France is warm honeysuckle streets, the bitter breath of the sea, fierce sweat on my eyebrows, the brazen scream of the sun on the tops of apartments and expensive boutiques. I know the South of France very well. I come here with my mother, with my family, and the quaint, quiet lyric of the region has become familiar. The colors of the French Riviera are muted peach and strawberry satin.
At lunchtime, the drowsy clink of wine glasses sweating cold rosé, sharp-nosed laughter, French I can't understand and scrupulous looks at my messy clothes I can. I do not fit in, not in the midst of simplicity, elegance, pastel minimalist dreamlight and freshly prepared seafood. I wear tired black overalls and a red tee shirt. I am not a local, that much is painfully clear. My camera, inconspicuous as I may try to make it, draws a subtle distaste, not unpolite, exactly, but something I too can understand. In my city, afternoons on Abbot Kinney elicit those strained lips and narrowed eyes from me, too- fanny packs, an assaulting herd of I Love LA tee-shirts, selfie-sticks that remind me more of jousting matches, in their abundance. I hold that same impersonal contempt for those unacquainted with what I know so terribly well. It's stupid, I know it is. But nonetheless, it is not uncommon.
Then there are cold-tile, shiny mornings soaked in the warming, idle pleasure of being utterly alone with nothing to do and a city barely awake, gentle and cool at this time of day. I take the elevator down and I smile at the concierge. I walk. I tie my hair back, blink a bit, and slow my pace. There are cafes already steaming fresh cafe au laits, preparing for the day, chairs and tables carefully placed on the crowded sidewalks. The farmer's market, the vendors relaxed in their efforts. There are boys, sometimes, who glance at me with smart half-smirks and twinkling eyes, and I flush ferociously despite my most ardent intentions to remain unaffected by the male gaze. They are pretty, and French, with messy hair and sleepy hellos. They are not hurling intimidation and employing their maleness to whistle and scream me into quiet, trembling tears, the way it is in America. It is not perfect here, but I notice these little things. I buy fresh coffee and six hot chocolate croissants. Here, cuddled into the corner of this open shop, I smell comfort. I smell bread baking and eggs crackling on the stove and coffee-stained fingertips. There is a peace in all of this that is so oddly hard to recover once I'm back home.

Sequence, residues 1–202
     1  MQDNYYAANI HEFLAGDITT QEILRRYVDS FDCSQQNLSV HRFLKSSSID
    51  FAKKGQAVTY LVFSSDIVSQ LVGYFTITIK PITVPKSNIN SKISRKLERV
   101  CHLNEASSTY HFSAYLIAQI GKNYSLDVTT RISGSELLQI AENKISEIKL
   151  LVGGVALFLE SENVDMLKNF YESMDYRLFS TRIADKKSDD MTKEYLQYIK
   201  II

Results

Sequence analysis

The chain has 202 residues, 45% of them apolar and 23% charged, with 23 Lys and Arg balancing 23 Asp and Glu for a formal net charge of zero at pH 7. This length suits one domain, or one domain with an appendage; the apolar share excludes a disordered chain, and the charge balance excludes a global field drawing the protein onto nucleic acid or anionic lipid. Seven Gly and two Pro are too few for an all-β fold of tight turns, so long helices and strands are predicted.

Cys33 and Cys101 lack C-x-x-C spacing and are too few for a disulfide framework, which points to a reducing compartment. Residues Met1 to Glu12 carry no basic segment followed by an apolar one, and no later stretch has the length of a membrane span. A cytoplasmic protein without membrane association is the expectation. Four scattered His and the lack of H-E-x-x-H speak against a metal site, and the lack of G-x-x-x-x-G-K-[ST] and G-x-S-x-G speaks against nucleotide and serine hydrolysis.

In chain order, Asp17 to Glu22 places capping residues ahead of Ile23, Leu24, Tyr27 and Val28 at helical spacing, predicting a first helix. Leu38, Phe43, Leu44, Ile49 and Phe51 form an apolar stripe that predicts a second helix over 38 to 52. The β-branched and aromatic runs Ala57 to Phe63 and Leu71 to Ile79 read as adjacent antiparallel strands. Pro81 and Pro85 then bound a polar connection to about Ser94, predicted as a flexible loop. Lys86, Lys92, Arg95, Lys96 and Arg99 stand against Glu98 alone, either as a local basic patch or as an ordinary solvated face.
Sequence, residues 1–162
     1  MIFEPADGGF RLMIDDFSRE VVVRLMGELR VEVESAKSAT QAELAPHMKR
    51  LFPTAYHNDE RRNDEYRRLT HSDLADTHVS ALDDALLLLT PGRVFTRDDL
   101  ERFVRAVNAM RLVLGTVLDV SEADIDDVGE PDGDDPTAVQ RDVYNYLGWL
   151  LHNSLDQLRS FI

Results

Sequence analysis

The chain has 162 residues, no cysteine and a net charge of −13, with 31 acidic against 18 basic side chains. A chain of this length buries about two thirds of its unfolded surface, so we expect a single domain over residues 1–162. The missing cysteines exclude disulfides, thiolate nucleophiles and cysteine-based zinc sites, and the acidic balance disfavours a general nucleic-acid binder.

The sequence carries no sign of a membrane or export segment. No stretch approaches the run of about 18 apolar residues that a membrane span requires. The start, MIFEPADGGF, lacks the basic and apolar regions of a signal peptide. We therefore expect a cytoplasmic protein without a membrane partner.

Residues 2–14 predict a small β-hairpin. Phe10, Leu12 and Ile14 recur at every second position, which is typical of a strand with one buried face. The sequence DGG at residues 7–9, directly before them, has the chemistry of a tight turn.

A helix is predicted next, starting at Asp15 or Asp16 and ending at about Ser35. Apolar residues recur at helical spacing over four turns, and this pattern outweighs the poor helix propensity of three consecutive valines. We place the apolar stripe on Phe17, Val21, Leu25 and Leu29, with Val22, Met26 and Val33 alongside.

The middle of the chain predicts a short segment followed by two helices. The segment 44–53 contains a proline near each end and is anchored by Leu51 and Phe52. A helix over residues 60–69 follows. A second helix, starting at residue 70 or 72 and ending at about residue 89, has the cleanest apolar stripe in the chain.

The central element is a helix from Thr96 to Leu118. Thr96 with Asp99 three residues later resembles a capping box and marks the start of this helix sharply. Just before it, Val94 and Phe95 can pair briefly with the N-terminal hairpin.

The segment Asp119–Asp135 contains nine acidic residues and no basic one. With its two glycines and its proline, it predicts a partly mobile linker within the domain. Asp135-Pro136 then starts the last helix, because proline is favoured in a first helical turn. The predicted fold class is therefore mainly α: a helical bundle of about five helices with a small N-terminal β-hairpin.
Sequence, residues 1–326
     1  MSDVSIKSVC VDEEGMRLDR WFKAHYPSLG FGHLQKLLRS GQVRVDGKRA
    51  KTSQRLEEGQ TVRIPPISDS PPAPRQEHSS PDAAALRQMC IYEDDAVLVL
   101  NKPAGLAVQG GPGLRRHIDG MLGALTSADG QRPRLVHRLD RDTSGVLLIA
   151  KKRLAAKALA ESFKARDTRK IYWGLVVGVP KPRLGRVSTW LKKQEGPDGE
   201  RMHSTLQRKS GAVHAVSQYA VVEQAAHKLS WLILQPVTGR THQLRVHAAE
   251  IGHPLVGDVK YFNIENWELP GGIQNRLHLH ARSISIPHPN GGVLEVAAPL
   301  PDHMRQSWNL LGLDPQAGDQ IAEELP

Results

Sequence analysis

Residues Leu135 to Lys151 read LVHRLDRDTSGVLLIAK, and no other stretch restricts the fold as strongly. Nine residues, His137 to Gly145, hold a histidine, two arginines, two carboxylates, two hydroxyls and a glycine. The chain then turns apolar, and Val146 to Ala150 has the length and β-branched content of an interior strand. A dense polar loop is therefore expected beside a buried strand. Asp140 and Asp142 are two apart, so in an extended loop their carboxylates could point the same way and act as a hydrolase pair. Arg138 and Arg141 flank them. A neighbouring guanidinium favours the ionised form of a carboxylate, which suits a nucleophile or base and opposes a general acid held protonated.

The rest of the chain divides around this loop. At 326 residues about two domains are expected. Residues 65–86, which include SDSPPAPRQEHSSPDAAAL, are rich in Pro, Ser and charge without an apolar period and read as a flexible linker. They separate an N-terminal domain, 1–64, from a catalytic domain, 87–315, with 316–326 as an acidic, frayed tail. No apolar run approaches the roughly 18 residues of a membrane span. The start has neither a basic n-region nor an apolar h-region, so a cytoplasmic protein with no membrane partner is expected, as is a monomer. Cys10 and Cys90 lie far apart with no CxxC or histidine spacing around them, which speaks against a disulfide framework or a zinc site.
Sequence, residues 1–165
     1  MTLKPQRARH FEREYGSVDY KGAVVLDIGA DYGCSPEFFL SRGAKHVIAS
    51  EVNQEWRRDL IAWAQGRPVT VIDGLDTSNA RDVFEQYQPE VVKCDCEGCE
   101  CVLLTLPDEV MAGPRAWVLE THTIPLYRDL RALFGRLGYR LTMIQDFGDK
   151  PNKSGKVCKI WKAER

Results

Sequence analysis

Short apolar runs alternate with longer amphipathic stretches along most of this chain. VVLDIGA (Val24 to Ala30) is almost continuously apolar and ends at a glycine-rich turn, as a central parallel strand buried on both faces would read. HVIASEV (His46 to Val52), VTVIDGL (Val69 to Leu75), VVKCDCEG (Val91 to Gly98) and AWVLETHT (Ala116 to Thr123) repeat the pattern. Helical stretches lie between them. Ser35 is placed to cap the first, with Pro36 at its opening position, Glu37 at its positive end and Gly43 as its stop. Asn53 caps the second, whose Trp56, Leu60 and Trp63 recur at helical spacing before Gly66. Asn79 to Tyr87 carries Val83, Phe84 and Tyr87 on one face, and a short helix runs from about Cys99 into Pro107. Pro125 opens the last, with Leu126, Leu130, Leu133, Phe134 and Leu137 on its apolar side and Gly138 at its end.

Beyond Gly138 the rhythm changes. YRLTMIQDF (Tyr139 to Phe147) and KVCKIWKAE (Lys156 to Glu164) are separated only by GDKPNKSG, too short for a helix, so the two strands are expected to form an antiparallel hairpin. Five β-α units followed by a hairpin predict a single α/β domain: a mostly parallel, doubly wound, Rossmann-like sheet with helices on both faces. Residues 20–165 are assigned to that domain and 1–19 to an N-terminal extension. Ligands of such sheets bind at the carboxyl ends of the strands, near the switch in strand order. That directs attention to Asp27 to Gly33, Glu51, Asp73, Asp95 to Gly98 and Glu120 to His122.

The sea is another world. It shudders and sleeps, wails and murmurs. It is unignorable but it is subtle, patient. I study the rushing blue, crassly beating the sand down and down. Then it all changes. The gentleness of the water returns, and I could bathe in it, I sink into the waves and think nothing. My sister and I play for hours, dipping each other under the warm foaming ocean, laughter bubbling in our stomachs and our cheeks, tiny silver slivers of fish grazing our ankles. We race one another to the rocks. I feel her small fingers plunge into my arm and I see her mouth opening to let out a brilliant, brutal screech. She has stepped on a sea urchin, in all its pokey, painful beauty, so I carry her out of the water and onto the beach. We are doused in sand and rock. She cries and cries. It is a lot, but the lifeguard rushes straight to us, tends to her swelling foot, reassures us in a language I cannot translate but I understand anyways.
France in the summer glistens with seawater and exhaustion. I love it. It takes me away from the gruesome mundaneness of my own everyday. It delivers independence. It delivers absentmindedness. I am all too present in this head of mine every other moment. I hate the beach, the heat, the eye contact here, but there, it is calming. I exit my mind and float about sleepily and contentedly.